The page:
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Read up on: David Sedaris

Five works you need to check out by the deadpan humourist

Susie Anderson Sydney Opera House

Well known for his regular spots on NPR and contributions to The New Yorker, David’s prolific portfolio can be a daunting approach for even the most culturally cluey amongst us. Here’s your insider guide to David’s oeuvre.


This American Life

David’s distinctive tones have been gracing National Public Radio in the States for some years now, but it’s his regular contributions to podcast This American Life that may resonate most with Australian audiences. There are dozens of episodes featuring his deadpan, poignant insights on the everyday, but a good place to start is the acclaimed ‘Santaland Diaries’. This recollection of his holiday job working at Macy’s department store as a Christmas elf established his long-standing relationship with NPR and brought him to the ears of listeners all around the world.

The Talent Family

Many of the most hilarious moments of Sedaris’ work are borne out of his memories growing up in a family of five siblings in Raleigh, North Carolina. David’s sister Amy is known for her acting roles in Strangers with Candy and voicing Princess Carolyn on Bojack Horseman. Sharing a similar comedic bent, they have collaborated on a series of plays over the years, written under the moniker The Talent Family. Amy and the other Sedaris siblings feature prominently in David’s stories, most particularly in the collection When You Are Engulfed in Flames.

Me Talk Pretty One Day

A key moment in the Sedaris trajectory was his move to France with partner Hugh in the late nineties. The collection Me Talk Pretty One Day (2000) centres on this chapter of his life and David’s attempts to set up life in France. Parisians being as they are, David finds life in the French capital a series of humiliations and near-humiliations. In one particularly enlightening episode, David (begrudgingly) takes This American Life’s Ira Glass on a tour of his favourite spots in the city.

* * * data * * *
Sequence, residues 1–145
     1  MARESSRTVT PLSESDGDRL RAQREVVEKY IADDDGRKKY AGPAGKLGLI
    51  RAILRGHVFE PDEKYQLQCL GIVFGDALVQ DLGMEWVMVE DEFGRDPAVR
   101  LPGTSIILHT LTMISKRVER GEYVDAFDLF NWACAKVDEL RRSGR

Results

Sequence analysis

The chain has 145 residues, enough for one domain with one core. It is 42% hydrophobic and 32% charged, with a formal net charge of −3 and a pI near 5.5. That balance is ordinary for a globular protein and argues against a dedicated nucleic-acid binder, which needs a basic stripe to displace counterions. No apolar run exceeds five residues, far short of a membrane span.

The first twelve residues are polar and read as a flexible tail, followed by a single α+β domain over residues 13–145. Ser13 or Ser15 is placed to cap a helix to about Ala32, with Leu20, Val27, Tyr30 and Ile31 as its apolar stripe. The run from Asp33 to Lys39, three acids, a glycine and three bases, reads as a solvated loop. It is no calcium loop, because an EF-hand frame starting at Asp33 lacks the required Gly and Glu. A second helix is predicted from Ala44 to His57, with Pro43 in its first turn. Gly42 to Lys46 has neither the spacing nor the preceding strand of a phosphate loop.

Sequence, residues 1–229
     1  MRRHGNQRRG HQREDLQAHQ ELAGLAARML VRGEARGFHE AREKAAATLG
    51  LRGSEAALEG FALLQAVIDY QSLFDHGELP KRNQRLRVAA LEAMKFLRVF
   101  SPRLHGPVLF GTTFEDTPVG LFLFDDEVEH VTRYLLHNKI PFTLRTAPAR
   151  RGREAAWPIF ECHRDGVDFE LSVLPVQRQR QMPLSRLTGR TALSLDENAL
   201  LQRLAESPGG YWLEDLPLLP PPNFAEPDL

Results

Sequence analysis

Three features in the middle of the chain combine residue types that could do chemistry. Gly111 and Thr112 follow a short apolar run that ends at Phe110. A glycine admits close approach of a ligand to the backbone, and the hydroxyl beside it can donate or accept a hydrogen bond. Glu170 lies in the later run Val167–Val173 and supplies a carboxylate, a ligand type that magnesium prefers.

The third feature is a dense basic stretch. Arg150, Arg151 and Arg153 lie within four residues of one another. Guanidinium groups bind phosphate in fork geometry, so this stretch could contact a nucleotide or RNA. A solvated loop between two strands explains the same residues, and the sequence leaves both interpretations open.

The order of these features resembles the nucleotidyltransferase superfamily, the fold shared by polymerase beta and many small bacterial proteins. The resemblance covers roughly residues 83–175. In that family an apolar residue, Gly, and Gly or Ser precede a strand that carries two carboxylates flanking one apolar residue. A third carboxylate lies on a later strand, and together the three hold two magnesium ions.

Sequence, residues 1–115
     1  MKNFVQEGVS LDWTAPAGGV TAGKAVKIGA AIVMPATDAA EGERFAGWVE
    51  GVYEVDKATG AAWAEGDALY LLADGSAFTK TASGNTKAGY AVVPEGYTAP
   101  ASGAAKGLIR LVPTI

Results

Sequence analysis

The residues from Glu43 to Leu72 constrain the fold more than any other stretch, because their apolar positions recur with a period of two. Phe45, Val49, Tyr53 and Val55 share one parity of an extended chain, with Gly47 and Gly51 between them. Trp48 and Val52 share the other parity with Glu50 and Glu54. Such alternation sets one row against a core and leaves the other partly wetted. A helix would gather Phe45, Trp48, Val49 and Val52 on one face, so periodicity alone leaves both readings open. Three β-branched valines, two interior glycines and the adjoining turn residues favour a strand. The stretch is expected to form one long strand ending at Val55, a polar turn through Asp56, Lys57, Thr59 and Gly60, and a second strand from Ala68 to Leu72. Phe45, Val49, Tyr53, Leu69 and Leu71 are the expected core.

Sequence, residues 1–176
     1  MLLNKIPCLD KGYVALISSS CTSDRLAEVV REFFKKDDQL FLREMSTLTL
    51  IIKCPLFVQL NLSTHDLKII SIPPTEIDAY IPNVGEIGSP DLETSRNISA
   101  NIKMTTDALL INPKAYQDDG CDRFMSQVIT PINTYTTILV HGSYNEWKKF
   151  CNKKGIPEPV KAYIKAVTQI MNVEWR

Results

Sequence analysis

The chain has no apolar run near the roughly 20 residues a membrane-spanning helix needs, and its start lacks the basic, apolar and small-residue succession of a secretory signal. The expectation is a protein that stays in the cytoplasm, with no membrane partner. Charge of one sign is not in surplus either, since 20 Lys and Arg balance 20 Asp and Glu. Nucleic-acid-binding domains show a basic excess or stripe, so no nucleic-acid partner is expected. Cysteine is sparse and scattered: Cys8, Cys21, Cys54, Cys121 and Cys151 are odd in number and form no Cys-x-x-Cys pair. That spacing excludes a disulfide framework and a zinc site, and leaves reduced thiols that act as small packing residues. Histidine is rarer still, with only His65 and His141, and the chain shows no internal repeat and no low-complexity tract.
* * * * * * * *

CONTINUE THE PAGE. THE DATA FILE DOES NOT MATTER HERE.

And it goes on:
“For the first 18 years we were together, I'd give Hugh chocolates for Valentine's Day, and he'd give me a carton of cigarettes. Both of us got exactly what we wanted, and it couldn't have been easier. Then I quit smoking and decided that in place of cigarettes I needed, say, an 18th-century scientific model of the human throat.”

A competitive gift exchange between David and his partner Hugh leads to a most unexpected place. This standout essay from the 2013 collection Let’s Explore Diabetes with Owls recounts the couple’s quest for gifting one-upmanship – all in the name of love.

The New Yorker

David’s regular contributions to The New Yorker combine musings and critique of modern life in the very best way. While the world waited to see the outcome of the US Supreme Court ruling on gay marriage, Sedaris patrolled the highway for garbage. iPad in tow – to see the Court’s outcome – he reflects on his closeted childhood and the prospect of marriage to his partner Hugh.

“It occurred to me while standing there, cars whizzing by, that the day I marry is the day I’ll get hit and killed, probably by some driver who’s texting, or, likelier still, sexting,” he wrote. “‘He is survived by his husband, Hugh Hamrick' the obituary will read, and before I’m even in my grave I’ll be rolling over in it.”


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